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  • black hairstreak

black hairstreak

Pictured: black hairstreak, Satyrium pruni

Notes from Jenyns: This species is not mentioned in Jenyns’ notebooks.

200-year trend in Cambridgeshire: Hard to tell as it was discovered during Jenyns’ lifetime and confusion existed over its identification, but probably little change. 

Modern records

The black hairstreak was first discovered in Britain in 1828, amongst a collection of white-letter hairstreaks from Monks Wood, where it was then recognised as a distinct species. This was during the time that Jenyns was living and collecting in Cambridgeshire. However, confusion on the naming of these two hairstreaks continued throughout the 19th century and may explain why Jenyns did not write an entry in his notebook. This confusion makes it difficult to ascertain how common it truly was at the time, but other historical records suggest that it was localised and seen very infrequently.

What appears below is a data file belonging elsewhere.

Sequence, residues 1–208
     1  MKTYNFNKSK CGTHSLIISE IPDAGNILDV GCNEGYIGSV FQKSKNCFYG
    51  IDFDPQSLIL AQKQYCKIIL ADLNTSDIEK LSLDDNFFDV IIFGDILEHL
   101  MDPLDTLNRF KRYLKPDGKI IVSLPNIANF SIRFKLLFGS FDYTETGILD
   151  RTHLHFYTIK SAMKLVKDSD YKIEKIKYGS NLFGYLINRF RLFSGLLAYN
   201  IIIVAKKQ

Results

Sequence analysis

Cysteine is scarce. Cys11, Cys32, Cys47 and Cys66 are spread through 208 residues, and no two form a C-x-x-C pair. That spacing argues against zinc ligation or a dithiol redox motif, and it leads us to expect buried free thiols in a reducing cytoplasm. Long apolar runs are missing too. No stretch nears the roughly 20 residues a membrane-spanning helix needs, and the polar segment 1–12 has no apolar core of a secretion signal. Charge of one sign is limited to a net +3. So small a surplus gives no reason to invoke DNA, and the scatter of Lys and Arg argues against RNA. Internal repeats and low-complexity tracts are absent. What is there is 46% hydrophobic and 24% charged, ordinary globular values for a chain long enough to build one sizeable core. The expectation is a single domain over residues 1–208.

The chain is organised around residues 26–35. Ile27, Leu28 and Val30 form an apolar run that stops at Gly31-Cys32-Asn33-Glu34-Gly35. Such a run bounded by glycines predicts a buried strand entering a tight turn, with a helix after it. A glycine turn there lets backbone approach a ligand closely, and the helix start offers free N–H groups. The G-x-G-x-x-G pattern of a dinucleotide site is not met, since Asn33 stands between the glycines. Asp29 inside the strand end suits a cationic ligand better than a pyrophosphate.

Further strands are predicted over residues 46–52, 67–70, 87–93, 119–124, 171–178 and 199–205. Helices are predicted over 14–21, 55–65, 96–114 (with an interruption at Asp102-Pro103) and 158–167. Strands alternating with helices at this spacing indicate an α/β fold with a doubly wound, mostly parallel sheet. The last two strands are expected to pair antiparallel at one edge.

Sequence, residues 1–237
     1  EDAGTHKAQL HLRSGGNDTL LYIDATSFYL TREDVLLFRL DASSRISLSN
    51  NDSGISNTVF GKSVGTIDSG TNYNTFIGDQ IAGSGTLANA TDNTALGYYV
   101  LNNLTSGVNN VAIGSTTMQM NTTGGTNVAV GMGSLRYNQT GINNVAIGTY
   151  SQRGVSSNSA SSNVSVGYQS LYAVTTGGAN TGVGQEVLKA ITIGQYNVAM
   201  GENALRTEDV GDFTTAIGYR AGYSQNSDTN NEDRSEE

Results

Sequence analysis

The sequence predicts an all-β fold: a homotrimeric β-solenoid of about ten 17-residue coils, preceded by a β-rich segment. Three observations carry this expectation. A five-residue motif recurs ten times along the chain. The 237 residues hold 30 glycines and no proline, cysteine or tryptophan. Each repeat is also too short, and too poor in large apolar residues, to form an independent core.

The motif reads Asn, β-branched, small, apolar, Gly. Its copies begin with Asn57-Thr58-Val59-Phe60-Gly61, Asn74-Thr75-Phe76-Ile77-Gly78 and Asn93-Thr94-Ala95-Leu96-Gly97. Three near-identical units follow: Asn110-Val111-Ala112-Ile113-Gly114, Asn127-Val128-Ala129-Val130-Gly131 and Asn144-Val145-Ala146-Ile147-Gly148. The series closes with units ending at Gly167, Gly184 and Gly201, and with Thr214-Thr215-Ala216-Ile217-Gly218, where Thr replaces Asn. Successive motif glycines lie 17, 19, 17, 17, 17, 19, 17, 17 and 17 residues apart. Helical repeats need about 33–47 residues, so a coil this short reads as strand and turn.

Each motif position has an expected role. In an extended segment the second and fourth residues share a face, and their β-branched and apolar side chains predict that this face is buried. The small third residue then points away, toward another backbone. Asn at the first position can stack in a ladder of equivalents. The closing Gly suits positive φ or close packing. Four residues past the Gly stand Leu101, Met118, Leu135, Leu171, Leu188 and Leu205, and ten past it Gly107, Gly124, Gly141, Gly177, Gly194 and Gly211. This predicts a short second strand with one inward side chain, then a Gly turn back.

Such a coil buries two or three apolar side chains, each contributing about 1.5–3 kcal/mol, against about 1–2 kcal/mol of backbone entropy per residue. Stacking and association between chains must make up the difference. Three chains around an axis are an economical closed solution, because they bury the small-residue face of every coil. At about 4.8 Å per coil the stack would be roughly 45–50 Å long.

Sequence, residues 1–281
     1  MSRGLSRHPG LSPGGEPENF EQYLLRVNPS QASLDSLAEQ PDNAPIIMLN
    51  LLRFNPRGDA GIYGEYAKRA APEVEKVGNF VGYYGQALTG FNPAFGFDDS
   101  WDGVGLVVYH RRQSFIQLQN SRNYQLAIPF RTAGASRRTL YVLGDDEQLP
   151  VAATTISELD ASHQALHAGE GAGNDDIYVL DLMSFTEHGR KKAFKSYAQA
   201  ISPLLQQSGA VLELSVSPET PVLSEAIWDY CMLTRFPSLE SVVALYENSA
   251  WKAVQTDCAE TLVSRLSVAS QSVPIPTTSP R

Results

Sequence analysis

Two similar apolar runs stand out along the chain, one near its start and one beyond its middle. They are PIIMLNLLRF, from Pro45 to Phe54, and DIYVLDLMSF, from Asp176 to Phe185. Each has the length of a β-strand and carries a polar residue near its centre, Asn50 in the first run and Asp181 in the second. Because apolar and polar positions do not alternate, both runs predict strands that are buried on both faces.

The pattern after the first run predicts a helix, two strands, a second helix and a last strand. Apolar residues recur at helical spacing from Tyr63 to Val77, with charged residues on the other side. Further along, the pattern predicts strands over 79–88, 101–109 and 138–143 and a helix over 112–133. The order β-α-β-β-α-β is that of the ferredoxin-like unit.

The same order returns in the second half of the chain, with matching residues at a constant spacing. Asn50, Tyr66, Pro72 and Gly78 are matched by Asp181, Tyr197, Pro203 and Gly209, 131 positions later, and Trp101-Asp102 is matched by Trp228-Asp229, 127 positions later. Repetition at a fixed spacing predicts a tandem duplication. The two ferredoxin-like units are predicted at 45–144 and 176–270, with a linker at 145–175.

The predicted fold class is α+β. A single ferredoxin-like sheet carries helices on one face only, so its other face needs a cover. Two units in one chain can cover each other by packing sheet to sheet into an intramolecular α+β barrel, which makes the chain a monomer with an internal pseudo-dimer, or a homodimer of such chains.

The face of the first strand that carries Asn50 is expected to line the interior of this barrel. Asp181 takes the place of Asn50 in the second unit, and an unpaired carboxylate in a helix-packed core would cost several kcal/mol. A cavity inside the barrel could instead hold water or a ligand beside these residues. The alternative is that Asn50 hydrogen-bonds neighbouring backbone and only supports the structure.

Today the species is still rare in the county and confined to only a handful of woods containing mature blackthorn, which its larvae feed on. This includes a population at Brampton Wood, where this vulnerable species has a special monitoring programme. Abundance fluctuates widely on an annual basis, with timed counts at Brampton Wood in the 21st Century ranging from a low of just 1 butterfly to peaks of over 100 butterflies in 5 hours standardised counting.

National records map

Black hairstreak national records map: